Organizing workshops/conferences

Organizing the Workshop on the Representation, Sharing & Evalution of Multimodal Interactions (June 13, 2022)

Organizing the Workshop on the Representation, Sharing and Evaluation of Multimodal Agent Interaction (MMAI2022) at the first International Conference on Hybrid Human-Artificial Intelligence (, June 13, 2022.

HHAI2022 is organised by the Dutch Hybrid Intelligence Center and the European HumaneAI Network, as the first conference in what we intend to become a series of conferences about Hybrid Human Artificial Intelligence.

Interaction is a real world event that takes place in time and physical or virtual space. By definition, it only exists when it happens. This makes it difficult to observe and study interactions, to share interaction data, to replicate or reproduce them and to evaluate agent behaviour in an objective way. Interactions are also extremely complex, covering many variables whose values change from case to case. The physical circumstances are different, the participants are different, and past experiences have an impact on the actual event. Besides, the eye(s) of the camera(s) and/or experimenters are another factor with impact and the man-power needed to capture such data is high. Finally, privacy issues make it difficult to simply record and publish interaction data freely.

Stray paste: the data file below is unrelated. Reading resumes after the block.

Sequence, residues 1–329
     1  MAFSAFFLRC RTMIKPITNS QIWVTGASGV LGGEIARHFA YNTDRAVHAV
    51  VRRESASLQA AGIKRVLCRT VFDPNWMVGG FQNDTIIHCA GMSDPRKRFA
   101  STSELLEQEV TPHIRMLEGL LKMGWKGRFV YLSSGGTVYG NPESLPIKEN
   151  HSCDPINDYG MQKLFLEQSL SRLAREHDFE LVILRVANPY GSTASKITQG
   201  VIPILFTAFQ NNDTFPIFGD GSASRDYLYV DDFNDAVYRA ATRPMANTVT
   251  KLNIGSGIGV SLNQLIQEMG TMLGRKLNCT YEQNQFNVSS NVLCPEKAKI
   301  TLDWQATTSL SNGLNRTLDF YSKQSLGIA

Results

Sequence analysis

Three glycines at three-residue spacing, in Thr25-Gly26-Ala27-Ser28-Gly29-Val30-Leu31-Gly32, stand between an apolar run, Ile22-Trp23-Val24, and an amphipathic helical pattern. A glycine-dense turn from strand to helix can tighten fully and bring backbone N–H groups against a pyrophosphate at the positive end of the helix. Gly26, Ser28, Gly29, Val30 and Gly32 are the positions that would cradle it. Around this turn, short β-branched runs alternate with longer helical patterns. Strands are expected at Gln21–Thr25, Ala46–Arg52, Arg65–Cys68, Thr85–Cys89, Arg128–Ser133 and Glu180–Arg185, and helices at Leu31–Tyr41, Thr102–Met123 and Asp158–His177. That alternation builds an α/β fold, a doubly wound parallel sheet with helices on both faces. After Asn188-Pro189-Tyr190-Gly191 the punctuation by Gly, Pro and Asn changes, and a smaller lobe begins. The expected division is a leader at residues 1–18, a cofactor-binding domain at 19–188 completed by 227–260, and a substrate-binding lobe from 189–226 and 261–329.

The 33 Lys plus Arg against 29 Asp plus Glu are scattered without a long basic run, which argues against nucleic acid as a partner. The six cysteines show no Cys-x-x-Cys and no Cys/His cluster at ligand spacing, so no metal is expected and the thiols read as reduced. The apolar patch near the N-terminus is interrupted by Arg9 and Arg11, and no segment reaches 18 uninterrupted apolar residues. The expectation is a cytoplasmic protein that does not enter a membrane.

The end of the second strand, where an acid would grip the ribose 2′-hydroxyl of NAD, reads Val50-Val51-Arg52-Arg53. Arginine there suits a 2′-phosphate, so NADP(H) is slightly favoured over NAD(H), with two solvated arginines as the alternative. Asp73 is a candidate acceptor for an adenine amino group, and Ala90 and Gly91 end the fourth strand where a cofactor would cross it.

It is therefore not a surprise that interaction research progresses slowly. This workshop aims to bring together researchers with different research backgrounds to explore how interaction research can become more standardised and scalable. The goal of this workshop is to explore how researchers and developers can share experiments and data in which multimodal agent interaction plays a role and how these interactions can be compared and evaluated. Especially within real-world physical contexts, modelling and representing situations and contexts for effective interactions is a challenge. We therefore invite researchers and developers to share with us how and why you record multimodal interactions, whether your data can be shared or combined with other data, how systems can be trained and tested and how interaction can be replicated. Machine learning communities like vision and NLP have made a lot of fast progress by creating competitive leaderboards based on benchmark datasets. But although this is great for training unimodal perception models, obviously such datasets are not sufficient for research involving interaction where multiple modalities should be considered.